Truck Tire Blowouts
At the risk of stating the obvious, an operator of a tractor-trailer must ensure that his/her truck has safe tires. Despite the obvious risk posed by a blowout, many truck drivers fail to properly inspect their tires before and during a haul.
Federal regulations require all commercial motor vehicle operators to inspect their tires before heading out on the road and to periodically inspect their rig, including its tires, during a trip. Every tire on the rig must be inspected carefully and this inspection must be tracked in the company's log book. A safe level of tread must be on each tire that goes on any truck. If there is any sign that a tire is balding or has already gone bald, or if the tread appears to be separating from the rest of the tire, the truck driver must immediately replace the tire before heading back out on the road.
Factors that would require a tire to be replaced include:
- Exposure of the ply or belt material in the sidewall or tread of the tire;
- Separation of the tread or sidewall;
- Insufficient tread; and
- An audible leak.
Blowouts occur every day despite numerous regulations designed to protect the public. Large pieces of tire tread are usually found on most highways. These blowouts may occur because of:
- An ineffective maintenance policy;
- A failure on the part of the driver to properly inspect the tires before a trip;
- Under- or over-inflating the tires;
- Manufacturer’s defects in the tires;
- or Heat build-up around the tires.
There are several conditions on the road that can cause a tire to wear down during a long-distance trip. Tires that were in reasonably acceptable condition before the trip may deteriorate significantly and quickly under certain, fairly commonly encountered conditions. A few of the examples that could cause a tire to wear down while on the road could include:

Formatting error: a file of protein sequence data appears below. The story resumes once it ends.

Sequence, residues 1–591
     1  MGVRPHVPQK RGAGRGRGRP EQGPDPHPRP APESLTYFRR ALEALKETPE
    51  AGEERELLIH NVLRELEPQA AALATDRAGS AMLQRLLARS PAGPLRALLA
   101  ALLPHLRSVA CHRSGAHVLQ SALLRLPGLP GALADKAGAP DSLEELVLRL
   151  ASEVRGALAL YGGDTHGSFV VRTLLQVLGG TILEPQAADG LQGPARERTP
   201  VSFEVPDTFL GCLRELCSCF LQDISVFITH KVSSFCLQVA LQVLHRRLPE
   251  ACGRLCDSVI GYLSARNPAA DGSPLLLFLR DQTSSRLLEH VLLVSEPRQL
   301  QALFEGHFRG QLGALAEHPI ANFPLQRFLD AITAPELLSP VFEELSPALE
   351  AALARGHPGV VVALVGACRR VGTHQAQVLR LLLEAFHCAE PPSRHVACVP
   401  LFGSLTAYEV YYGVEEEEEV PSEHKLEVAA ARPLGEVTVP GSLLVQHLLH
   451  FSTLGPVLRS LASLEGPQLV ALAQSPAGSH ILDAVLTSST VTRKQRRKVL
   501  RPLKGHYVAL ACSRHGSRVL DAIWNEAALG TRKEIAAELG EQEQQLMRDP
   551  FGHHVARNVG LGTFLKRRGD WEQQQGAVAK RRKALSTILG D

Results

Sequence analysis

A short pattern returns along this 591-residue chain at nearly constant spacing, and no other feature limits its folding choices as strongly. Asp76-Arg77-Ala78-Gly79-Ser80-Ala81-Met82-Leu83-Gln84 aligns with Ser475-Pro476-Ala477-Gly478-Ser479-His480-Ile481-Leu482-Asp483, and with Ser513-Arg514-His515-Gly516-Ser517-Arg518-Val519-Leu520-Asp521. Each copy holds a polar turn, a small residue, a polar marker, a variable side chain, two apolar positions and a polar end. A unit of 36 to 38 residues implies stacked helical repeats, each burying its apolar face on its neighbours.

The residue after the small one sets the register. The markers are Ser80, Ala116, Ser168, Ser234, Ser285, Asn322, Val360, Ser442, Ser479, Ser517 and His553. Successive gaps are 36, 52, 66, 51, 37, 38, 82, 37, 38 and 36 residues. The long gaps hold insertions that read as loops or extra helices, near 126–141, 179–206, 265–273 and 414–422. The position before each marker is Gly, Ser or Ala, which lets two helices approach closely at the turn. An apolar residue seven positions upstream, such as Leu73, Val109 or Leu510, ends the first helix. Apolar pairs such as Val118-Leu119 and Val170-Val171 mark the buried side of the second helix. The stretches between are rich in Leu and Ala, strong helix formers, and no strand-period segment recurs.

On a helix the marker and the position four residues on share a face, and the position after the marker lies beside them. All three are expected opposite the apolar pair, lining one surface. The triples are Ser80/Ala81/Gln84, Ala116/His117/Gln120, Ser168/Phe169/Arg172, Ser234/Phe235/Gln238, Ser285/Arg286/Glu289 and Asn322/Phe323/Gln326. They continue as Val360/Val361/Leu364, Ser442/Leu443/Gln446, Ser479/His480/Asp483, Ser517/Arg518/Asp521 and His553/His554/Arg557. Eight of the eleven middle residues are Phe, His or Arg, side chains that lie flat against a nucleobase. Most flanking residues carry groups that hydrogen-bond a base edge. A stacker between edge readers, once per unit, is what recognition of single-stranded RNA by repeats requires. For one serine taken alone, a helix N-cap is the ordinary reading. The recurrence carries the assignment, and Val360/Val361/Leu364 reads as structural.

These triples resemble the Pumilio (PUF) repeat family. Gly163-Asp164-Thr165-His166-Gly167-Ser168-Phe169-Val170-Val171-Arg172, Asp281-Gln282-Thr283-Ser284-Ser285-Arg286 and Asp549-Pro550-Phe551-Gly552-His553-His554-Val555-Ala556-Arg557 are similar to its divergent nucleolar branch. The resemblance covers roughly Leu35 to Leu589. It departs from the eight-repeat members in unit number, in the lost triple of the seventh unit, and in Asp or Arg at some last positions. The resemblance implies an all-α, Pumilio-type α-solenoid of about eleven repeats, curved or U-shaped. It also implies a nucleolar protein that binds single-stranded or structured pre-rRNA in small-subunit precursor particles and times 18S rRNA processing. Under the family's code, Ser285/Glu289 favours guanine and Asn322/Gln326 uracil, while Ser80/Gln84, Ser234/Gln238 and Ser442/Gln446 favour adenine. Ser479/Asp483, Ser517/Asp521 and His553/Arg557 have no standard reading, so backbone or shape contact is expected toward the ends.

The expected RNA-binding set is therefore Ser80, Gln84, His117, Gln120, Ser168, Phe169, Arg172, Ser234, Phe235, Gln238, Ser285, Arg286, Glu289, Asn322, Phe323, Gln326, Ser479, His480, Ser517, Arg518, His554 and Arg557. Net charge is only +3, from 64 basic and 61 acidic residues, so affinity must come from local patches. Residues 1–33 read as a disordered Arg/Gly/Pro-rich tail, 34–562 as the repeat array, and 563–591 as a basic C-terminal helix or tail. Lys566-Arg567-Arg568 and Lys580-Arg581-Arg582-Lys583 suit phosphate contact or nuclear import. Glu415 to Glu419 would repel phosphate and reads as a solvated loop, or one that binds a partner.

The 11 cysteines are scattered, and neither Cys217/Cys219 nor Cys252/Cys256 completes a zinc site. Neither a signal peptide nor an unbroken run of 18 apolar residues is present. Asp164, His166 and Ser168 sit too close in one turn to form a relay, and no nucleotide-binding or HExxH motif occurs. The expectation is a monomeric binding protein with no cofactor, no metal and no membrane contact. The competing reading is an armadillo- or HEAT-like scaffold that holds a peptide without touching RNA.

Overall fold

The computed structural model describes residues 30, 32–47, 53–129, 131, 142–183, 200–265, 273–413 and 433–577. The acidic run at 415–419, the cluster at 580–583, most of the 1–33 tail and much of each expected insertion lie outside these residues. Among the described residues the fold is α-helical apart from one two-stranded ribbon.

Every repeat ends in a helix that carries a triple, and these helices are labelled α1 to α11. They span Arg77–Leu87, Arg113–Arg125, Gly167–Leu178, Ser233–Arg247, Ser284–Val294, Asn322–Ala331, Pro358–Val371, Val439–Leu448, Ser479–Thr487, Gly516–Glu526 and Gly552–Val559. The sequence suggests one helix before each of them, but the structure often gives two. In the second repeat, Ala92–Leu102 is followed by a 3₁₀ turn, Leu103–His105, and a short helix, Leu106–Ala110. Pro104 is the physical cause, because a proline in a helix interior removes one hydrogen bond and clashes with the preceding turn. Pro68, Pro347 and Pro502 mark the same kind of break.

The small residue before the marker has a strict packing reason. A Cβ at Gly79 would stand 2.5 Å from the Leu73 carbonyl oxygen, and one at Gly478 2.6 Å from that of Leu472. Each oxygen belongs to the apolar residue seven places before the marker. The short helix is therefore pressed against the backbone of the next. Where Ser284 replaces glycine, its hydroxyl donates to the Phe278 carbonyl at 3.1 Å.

- Potholes or ruts in the road;
- Driving over road debris;
- Extreme cold or hot weather;
- Poor tire alignment;
- An overloaded trailer;
- Aggressive driving or sudden braking, and
For this reason, it is imperative that a driver continues to monitor the state of each tire periodically during any trip. A truck driver is susceptible to losing control of his or her truck and colliding with other vehicles as a result of blown tires. A driver may also be at fault for not reacting correctly and following proper protocols when a blowout occurs. Moreover, flying debris at high speeds can be incredibly dangerous for surrounding vehicles. If cars try to avoid this debris by veering out of the way, they may lose control and get into an accident.Peter Thompson & Associates: New Hampshire’s Truck Accident Experts
At Peter Thompson & Associates we understand how challenging it can be to navigate the aftereffects of a commercial truck accident. Our attorneys will work tirelessly to ensure that you receive the compensation you need and deserve if you have been seriously injured. Call us at 800-804-2004 or fill out our online form to schedule an appointment. We will immediately begin investigating the accident and marshaling all available evidence to protect your rights and interests.